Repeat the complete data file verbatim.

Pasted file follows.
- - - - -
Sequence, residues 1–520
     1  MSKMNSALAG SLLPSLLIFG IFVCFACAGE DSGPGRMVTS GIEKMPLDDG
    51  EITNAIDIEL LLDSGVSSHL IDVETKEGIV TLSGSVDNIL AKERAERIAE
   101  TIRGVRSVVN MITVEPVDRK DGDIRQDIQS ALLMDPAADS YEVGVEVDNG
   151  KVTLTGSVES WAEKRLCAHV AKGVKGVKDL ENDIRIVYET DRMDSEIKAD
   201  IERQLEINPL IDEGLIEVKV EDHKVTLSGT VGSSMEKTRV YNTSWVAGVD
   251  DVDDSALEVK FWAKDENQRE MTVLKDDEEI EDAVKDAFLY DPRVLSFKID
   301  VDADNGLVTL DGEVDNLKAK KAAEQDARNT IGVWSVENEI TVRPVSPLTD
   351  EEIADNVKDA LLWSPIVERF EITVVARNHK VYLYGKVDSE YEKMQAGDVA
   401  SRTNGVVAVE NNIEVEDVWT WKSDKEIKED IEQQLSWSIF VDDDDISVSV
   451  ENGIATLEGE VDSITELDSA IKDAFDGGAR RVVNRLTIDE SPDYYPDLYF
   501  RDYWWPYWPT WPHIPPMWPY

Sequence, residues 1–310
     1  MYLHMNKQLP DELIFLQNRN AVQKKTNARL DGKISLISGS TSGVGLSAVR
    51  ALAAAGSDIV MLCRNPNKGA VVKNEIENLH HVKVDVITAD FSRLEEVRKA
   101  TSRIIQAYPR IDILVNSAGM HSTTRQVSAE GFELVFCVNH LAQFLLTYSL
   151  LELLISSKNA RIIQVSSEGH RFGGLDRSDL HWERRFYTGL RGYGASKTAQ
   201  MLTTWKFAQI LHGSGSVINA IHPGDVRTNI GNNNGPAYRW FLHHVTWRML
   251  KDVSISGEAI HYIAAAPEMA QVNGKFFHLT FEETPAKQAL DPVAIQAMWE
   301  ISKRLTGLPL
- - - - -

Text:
Sequence, residues 1–520
     1  MSKMNSALAG SLLPSLLIFG IFVCFACAGE DSGPGRMVTS GIEKMPLDDG
    51  EITNAIDIEL LLDSGVSSHL IDVETKEGIV TLSGSVDNIL AKERAERIAE
   101  TIRGVRSVVN MITVEPVDRK DGDIRQDIQS ALLMDPAADS YEVGVEVDNG
   151  KVTLTGSVES WAEKRLCAHV AKGVKGVKDL ENDIRIVYET DRMDSEIKAD
   201  IERQLEINPL IDEGLIEVKV EDHKVTLSGT VGSSMEKTRV YNTSWVAGVD
   251  DVDDSALEVK FWAKDENQRE MTVLKDDEEI EDAVKDAFLY DPRVLSFKID
   301  VDADNGLVTL DGEVDNLKAK KAAEQDARNT IGVWSVENEI TVRPVSPLTD
   351  EEIADNVKDA LLWSPIVERF EITVVARNHK VYLYGKVDSE YEKMQAGDVA
   401  SRTNGVVAVE NNIEVEDVWT WKSDKEIKED IEQQLSWSIF VDDDDISVSV
   451  ENGIATLEGE VDSITELDSA IKDAFDGGAR RVVNRLTIDE SPDYYPDLYF
   501  RDYWWPYWPT WPHIPPMWPY

Sequence, residues 1–310
     1  MYLHMNKQLP DELIFLQNRN AVQKKTNARL DGKISLISGS TSGVGLSAVR
    51  ALAAAGSDIV MLCRNPNKGA VVKNEIENLH HVKVDVITAD FSRLEEVRKA
   101  TSRIIQAYPR IDILVNSAGM HSTTRQVSAE GFELVFCVNH LAQFLLTYSL
   151  LELLISSKNA RIIQVSSEGH RFGGLDRSDL HWERRFYTGL RGYGASKTAQ
   201  MLTTWKFAQI LHGSGSVINA IHPGDVRTNI GNNNGPAYRW FLHHVTWRML
   251  KDVSISGEAI HYIAAAPEMA QVNGKFFHLT FEETPAKQAL DPVAIQAMWE
   301  ISKRLTGLPL